Spring it is, spring that’s good to the core of the wood, to the
leaves of groves,
spring that reawakens soil and coaxes seeds to fruitfulness.
It’s then almighty father, Air, marries the earth
and penetrates her with prolific showers, and, their bodies joined
as one, unbridles life’s potential.
The woodlands off the beaten track reverberate with singing
and, right on time, cattle come into their season—
the countryside stands to deliver—and in the warmth of western
the plains let down their very breasts; a gentle wash infuses
and new growth ventures to believe it’s safe beneath the young,
still unfamiliar sun, and vine shoots fear no southern gales
nor roaring northerlies that scour rain clouds from the sky;
rather, they prompt their buds to boldness and leaves to colour
everywhere. That days were not that different at the dawning
of the world I can easily believe, nor proceeded differently.
Then it was spring, all basked in spring,
and winter’s winds bit their tongue—
and man, begot of rocks, first held up his head,
with creatures loosed to roam woodscape and stars to ramble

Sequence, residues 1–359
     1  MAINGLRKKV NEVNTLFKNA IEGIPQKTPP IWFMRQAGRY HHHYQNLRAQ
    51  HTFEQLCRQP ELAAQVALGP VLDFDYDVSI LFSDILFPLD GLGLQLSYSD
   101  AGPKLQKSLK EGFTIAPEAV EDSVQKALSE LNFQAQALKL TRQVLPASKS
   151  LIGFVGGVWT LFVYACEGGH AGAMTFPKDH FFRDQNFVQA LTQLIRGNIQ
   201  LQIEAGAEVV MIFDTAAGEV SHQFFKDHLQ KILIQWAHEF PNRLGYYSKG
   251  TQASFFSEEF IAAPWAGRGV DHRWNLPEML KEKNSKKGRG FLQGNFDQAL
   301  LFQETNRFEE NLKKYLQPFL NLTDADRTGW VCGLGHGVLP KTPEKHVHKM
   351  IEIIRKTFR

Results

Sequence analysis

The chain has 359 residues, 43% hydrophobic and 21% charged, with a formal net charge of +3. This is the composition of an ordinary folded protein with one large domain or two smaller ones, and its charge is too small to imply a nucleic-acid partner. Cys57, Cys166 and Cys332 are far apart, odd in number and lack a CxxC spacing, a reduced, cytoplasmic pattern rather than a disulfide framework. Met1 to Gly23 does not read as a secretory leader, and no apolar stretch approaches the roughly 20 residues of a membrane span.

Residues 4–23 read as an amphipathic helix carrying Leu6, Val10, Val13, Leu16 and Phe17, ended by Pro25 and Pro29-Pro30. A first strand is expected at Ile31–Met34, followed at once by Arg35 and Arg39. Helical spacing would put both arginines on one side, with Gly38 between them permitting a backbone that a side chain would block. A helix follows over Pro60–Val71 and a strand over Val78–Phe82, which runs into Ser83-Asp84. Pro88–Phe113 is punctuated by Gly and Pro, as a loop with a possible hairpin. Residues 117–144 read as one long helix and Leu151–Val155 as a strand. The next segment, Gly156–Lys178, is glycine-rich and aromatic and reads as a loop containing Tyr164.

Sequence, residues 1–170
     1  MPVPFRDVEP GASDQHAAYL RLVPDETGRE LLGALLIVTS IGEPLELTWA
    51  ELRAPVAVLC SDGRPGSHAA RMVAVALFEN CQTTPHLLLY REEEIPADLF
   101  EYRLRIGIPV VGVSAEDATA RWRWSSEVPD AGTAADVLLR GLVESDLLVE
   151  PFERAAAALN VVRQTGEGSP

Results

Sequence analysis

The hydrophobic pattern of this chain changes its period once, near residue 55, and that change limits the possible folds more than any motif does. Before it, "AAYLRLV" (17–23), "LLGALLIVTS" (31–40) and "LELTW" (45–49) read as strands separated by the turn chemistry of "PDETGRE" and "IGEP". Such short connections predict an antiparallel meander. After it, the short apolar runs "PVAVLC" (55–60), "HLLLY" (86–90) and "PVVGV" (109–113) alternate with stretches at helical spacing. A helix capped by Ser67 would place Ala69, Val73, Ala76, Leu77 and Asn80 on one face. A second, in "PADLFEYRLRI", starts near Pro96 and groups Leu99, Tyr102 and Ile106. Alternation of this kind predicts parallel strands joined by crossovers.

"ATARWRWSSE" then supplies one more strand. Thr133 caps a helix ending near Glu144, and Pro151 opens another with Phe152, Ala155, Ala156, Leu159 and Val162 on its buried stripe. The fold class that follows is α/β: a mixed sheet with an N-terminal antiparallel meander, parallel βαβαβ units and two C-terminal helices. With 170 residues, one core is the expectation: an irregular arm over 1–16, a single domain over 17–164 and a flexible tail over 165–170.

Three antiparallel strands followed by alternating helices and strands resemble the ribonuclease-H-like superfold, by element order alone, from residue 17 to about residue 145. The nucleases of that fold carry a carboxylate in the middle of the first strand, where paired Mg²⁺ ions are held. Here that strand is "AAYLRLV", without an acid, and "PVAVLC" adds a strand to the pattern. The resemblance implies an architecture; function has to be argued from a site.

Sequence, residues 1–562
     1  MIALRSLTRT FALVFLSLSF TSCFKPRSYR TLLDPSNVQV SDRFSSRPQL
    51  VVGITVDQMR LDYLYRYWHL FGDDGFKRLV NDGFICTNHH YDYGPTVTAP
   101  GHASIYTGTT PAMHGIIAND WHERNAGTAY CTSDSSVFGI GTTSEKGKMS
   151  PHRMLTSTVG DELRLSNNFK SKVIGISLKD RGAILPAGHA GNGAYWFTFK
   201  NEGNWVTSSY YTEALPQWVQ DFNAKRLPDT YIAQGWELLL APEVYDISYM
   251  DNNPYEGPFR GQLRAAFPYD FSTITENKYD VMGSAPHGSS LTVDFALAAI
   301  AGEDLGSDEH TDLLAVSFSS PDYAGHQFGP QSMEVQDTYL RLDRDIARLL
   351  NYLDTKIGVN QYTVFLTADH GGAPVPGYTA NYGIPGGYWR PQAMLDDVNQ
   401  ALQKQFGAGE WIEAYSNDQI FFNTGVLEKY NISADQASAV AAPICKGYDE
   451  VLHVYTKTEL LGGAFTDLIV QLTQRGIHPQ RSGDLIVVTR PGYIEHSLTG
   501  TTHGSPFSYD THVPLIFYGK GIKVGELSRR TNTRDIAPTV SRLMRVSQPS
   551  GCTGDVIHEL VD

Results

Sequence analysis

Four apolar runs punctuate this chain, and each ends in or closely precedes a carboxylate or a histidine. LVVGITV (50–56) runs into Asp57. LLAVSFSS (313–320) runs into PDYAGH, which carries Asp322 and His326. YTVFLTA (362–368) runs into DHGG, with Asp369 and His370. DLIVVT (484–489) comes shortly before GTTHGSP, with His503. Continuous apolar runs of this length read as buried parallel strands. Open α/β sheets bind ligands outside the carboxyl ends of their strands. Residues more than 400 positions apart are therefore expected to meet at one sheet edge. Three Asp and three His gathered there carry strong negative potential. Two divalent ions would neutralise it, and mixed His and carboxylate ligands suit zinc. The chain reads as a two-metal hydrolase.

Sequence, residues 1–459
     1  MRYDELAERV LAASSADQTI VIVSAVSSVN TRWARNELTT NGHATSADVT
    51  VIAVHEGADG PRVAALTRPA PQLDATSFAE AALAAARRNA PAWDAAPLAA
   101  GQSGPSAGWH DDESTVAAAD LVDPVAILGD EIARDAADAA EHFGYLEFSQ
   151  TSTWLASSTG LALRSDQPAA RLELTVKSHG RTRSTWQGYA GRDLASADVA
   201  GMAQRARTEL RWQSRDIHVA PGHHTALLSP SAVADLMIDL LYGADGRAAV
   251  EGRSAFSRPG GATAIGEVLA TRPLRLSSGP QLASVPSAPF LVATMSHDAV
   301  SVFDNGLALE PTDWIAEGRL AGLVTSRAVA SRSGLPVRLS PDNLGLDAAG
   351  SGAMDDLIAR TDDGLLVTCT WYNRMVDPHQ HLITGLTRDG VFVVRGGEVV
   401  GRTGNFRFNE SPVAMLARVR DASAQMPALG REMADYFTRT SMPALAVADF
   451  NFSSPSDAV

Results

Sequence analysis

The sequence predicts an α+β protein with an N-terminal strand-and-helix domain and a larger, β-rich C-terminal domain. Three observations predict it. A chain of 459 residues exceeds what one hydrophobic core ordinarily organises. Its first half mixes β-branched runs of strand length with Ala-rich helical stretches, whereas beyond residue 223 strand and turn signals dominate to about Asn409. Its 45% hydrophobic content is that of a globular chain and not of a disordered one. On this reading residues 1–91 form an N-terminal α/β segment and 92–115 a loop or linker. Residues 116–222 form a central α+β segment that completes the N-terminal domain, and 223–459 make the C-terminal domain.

Indeed, how could such tender growth survive vicissitudes
if there were not between the cold and warmth a spell of
when heaven’s kindness brought its gift of ease?
Vergilius: Georgics (II. 323–345), translated by Peter Fallon
Featured image: detail of a mosaic (late 2nd – early 1st century BC), Musei Capitolini, Centrale Montemartini, Ant. Com. inv. no. 32359. Image source: Wikipedia © Carole Raddato.
For the lyrics of the chirp accompanied song, and the pinned comment of its Swedish-Argentian author, see the description of the YouTube video.
The excerpt is from Virgil, Georgics, Translated by Peter Fallon, with an Introduction and Notes by Elaine Fantham. Oxford, 2006.